Herman Melville

“In the operative opinion of this world, he who is already fully provided what what is necessary for him, that man shall have more; while he who is deplorably destitute of the same, he shall have taken away from him even that which he hath. Yet the world vows it is a very plain, downright matter-of-fact, plodding, humane sort of world. It is governed only by the simplest principles, and scorns all ambiguities, all transcendentals, and all manner of juggling. Now some imaginatively heterodoxical men are often surprisingly twitted upon their willful inverting of all common-sense notions, their absurd and all-displacing transcendentals, which say three is four, and two and two make ten. But if the eminent Juggularius himself ever advocated in mere words a doctrine one thousandth part so ridiculous and subversive of all practical sense, as that doctrine which the world actually and eternally practices, of giving unto him who already hath more than enough, still more of that superfluous article, and taking away from him who hath nothing at all, even that which he hath,—then is the truest book in the world a lie.”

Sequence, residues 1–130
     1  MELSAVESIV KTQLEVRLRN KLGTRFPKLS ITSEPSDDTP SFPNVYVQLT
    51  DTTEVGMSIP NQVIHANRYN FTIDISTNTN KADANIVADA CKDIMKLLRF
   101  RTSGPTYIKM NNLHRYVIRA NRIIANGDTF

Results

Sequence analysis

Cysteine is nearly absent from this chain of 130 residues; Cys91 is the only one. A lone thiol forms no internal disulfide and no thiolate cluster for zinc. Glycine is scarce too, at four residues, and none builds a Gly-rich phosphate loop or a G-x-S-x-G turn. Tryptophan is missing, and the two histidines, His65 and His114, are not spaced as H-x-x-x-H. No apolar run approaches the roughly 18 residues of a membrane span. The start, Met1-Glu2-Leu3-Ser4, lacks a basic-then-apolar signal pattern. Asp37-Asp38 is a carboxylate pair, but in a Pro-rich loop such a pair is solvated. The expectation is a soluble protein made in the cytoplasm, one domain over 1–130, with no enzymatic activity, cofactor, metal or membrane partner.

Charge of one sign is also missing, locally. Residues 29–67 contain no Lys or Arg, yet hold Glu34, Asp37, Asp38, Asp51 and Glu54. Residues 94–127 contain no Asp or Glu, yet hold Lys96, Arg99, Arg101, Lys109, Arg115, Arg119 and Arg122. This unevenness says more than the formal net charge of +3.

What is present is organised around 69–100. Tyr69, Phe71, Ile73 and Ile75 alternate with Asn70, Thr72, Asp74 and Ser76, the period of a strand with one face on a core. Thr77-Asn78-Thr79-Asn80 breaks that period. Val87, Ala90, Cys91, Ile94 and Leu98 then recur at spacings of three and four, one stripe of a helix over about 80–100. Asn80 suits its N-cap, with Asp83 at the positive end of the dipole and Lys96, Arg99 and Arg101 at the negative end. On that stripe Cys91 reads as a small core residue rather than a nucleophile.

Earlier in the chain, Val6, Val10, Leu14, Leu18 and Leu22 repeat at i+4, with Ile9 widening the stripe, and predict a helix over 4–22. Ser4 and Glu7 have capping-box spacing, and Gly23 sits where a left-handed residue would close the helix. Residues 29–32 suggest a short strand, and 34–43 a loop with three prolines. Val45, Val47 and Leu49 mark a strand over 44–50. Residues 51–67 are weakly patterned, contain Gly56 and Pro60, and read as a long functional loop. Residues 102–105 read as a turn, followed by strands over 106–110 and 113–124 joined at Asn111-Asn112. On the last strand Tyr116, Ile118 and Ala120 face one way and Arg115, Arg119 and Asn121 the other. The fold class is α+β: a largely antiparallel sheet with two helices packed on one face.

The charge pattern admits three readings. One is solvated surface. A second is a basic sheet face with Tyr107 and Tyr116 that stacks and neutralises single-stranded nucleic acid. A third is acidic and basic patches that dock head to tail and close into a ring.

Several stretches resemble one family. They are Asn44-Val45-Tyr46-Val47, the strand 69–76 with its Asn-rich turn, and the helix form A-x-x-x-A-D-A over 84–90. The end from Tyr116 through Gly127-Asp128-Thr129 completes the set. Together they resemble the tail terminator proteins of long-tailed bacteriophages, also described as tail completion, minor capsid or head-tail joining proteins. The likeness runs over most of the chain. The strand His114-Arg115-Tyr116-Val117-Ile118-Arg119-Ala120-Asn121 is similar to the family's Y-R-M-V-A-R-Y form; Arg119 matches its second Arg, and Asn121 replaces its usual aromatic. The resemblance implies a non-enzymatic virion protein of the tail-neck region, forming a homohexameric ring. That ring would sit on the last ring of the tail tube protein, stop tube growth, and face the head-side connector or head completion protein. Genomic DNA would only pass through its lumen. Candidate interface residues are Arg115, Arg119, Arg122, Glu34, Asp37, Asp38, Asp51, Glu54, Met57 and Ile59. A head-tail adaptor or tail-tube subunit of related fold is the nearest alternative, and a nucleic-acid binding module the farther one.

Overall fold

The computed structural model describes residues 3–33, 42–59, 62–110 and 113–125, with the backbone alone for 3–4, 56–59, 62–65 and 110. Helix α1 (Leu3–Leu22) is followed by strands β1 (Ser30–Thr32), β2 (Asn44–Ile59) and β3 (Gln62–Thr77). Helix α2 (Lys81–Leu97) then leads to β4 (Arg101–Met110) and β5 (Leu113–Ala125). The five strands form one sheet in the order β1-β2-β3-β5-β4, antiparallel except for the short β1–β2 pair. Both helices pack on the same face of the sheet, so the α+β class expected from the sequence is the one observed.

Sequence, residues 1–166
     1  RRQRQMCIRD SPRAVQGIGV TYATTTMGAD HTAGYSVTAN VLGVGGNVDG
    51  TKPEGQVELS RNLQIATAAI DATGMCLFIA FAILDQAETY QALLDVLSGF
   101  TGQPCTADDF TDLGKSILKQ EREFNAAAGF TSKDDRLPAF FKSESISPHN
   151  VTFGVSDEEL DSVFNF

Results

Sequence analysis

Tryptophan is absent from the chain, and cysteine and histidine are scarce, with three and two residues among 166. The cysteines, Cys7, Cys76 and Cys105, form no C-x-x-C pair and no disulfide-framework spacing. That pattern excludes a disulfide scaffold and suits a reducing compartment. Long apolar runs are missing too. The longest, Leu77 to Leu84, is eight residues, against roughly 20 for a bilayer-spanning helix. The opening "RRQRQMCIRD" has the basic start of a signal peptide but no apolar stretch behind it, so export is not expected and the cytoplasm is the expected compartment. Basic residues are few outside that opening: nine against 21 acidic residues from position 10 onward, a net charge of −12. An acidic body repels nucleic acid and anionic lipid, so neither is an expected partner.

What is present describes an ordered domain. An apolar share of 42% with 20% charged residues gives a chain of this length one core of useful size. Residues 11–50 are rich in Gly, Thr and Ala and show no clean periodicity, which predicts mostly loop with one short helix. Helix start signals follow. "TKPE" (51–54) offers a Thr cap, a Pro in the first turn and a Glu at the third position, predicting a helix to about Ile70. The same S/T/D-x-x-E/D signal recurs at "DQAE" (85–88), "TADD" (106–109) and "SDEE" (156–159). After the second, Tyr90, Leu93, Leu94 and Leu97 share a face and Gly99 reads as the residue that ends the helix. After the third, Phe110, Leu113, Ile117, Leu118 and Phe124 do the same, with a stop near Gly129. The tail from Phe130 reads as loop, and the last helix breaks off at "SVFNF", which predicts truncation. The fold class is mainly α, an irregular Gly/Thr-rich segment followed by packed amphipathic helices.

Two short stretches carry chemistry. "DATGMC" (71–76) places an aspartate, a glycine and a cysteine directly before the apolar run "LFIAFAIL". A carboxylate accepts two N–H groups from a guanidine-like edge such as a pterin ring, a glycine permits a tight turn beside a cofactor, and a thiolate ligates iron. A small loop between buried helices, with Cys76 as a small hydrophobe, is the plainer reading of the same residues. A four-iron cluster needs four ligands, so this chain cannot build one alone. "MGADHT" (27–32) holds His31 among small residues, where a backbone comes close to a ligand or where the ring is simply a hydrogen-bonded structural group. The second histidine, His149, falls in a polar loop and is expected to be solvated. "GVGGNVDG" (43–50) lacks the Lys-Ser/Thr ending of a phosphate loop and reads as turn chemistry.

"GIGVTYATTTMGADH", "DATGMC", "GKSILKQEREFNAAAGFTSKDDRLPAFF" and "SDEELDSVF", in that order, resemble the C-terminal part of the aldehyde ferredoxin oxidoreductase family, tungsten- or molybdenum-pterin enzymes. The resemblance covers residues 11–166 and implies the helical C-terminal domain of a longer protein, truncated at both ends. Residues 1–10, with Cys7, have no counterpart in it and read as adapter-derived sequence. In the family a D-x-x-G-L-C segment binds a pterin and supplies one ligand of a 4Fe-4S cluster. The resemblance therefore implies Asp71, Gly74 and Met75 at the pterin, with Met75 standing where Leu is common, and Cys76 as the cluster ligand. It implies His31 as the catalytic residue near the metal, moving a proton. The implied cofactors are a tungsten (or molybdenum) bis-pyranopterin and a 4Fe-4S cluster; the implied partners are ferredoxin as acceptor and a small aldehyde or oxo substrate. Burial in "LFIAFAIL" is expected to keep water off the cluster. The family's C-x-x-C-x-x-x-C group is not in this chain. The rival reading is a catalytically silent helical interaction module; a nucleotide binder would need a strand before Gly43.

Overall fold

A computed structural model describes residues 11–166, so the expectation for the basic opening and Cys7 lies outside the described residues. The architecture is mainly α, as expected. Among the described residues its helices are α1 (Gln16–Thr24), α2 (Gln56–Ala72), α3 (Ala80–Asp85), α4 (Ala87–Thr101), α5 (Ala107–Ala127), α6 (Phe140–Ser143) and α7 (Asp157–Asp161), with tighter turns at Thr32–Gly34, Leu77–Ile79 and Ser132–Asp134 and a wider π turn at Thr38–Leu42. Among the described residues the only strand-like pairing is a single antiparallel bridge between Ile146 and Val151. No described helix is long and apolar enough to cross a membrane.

Herman Melville, Pierre; or, The Ambiguities
Read more quotes from Herman Melville


Share this quote:
Share twitter circle

Friends Who Liked This Quote


To see what your friends thought of this quote, please sign up!

2 likes
All Members Who Liked This Quote



This Quote Is From

Pierre; or, The Ambiguities Pierre; or, The Ambiguities by Herman Melville
1,032 ratings, average rating, 105 reviews
Open Preview

Browse By Tag